What is pleasanteeism and how is it impacting mental health at work?

Kat Nicholls
By Kat Nicholls,
updated on Aug 24, 2022

What is pleasanteeism and how is it impacting mental health at work?

Are you hiding behind a mask of pleasantries at work?

If I was to ask you, “How are you doing?” What would your response be? Now, imagine I’m a manager at work asking the same question – has your response changed?

There’s a new ‘ism’ in the workplace: pleasanteeism. This refers to the pressure many of us feel to conceal any stress, anxiety or low mood we may be feeling, choosing to hide behind pleasantries instead. This grin-and-bear-it workplace culture is on the rise, according to healthcare provider Lime Global. Surveying workers in the UK, in February 2022, Lime Global found that 75% of respondents admit to putting on a brave face at work, increasing from 51% in May 2021.

Looking at the causes of this rise, financial concerns and the cost of living were high on the list, with over a third of those surveyed saying they were worried about money. But, while recent economic shifts no doubt have a part to play, concealing negative emotions is something we learn early on.

“We’re taught to hide our feelings from an early age. To stop crying when we’re upset or in pain, to not be angry at people who hurt us,” burnout prevention coach Gaby Grzywacz explains.

“It’s no surprise we take those lessons into the workplace. While at work, we are expected to be professional – and we usually don’t see displaying our feelings as professional. So the thought of being open and honest about it doesn’t cross people’s minds.”

Gaby also notes that there is still a great amount of stigma surrounding mental health, with some fearing that they may be perceived as ‘weak’ – though she notes that it takes courage to be open about your feelings at work.

The fear that’s driving pleasanteeism may be palpable, but hiding your feelings isn’t the answer. Suppressing negative emotions can impact our mental health, affecting our self-esteem, and causing a rise in anxiety and depression. It can also harm our physical health, leading to increased blood pressure and memory problems.

So, how can we find that courage to be more open at work? First, let’s look at the root of the problem: workplace culture.

“If the company has the culture of pushing through all difficulties, delivering perfection, the whole ‘work hard, play hard’ nonsense, it’s unlikely that an employee would feel comfortable disclosing their feelings to their boss until they’re at a point where they can’t do their job,” says Gaby.


Employers need to take the reins when it comes to preventing pleasanteeism, cultivating a culture of openness. “It starts with simple things, for example, a manager admitting that they have a headache, or are feeling a bit down, so they won’t be at their best that day,” Gaby explains. “That shows their team it’s OK not to be at 100% all the time.”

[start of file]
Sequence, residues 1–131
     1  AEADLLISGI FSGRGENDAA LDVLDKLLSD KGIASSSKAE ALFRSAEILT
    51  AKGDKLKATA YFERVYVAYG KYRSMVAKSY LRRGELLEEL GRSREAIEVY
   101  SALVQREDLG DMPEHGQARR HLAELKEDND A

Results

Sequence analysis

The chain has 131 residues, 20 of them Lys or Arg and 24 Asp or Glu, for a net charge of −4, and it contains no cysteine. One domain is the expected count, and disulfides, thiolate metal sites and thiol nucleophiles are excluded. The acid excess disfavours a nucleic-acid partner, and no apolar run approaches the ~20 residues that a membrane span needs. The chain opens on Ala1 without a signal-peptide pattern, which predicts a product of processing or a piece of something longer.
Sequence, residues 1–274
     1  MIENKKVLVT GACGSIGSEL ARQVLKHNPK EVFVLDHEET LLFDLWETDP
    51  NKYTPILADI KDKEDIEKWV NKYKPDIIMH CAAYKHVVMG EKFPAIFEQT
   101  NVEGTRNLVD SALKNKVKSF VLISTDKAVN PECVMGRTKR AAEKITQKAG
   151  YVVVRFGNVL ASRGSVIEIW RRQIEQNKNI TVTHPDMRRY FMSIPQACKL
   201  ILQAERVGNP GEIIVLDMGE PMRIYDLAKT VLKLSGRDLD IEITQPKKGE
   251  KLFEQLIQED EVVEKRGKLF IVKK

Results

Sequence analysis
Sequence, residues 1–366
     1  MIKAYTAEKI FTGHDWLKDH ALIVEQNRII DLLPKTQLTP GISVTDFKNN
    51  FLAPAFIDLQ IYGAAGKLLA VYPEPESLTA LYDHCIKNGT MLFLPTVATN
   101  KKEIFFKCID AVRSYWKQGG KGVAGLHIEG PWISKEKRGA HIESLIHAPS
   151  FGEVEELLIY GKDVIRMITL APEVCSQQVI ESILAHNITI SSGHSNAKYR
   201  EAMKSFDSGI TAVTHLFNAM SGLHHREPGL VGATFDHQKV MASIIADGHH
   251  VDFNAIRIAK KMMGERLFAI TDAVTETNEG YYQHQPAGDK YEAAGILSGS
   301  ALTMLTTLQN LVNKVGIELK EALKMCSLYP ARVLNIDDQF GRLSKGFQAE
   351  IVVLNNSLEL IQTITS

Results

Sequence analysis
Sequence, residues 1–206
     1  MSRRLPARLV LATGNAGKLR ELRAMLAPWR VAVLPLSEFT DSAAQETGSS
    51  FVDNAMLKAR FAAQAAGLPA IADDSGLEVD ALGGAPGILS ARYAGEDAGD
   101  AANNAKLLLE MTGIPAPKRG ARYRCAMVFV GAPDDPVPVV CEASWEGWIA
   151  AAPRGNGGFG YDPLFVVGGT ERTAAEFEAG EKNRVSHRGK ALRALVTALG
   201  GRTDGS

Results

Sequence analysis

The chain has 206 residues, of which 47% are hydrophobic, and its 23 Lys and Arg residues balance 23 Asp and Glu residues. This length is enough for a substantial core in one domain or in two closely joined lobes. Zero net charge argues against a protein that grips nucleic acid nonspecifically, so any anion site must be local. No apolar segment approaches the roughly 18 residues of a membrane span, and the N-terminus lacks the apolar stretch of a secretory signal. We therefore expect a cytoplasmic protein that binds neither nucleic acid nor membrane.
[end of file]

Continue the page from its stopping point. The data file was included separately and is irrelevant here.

Increasing the company’s awareness of mental health and self-care is also key. This may include introducing mental health training, reminding people that they can take sick days for their mental health, and encouraging breaks.

As well as companies taking responsibility for reducing pleasanteeism, there are steps we can take as individuals to start prioritising our wellness. Gaby explains that a helpful first step is to understand that no job is worth sacrificing your health for.

“If you don’t take care of yourself, your health will suffer. It’s not an ‘if’, it’s a ‘when’. So you need to try to plan your day around taking care of yourself.”

Gaby also shares her personal motto: ‘If you think that you don’t have time for a break, you should have two,’ serving as a reminder that when we work hard, we should rest hard, too.

“We live in a culture of productivity – but we don’t have to (and shouldn’t) fill our rest time with meaningful activities. And, remember, if you’re thinking of work while resting, you’re actually not resting at all.”

When it comes to being more open at work, start small. Consider how many conversations you have that aren’t about work, and see if you can increase these a little. Perhaps a quick check-in with teammates in the morning, asking how they spent their weekend/evening.

We are humans, not robots, and part of opening up at work is connecting to that human side. Once you crack open the door to honesty, you’ll be amazed what light shines through.

To find out more, visit Life Coach Directory or speak to a qualified life coach.

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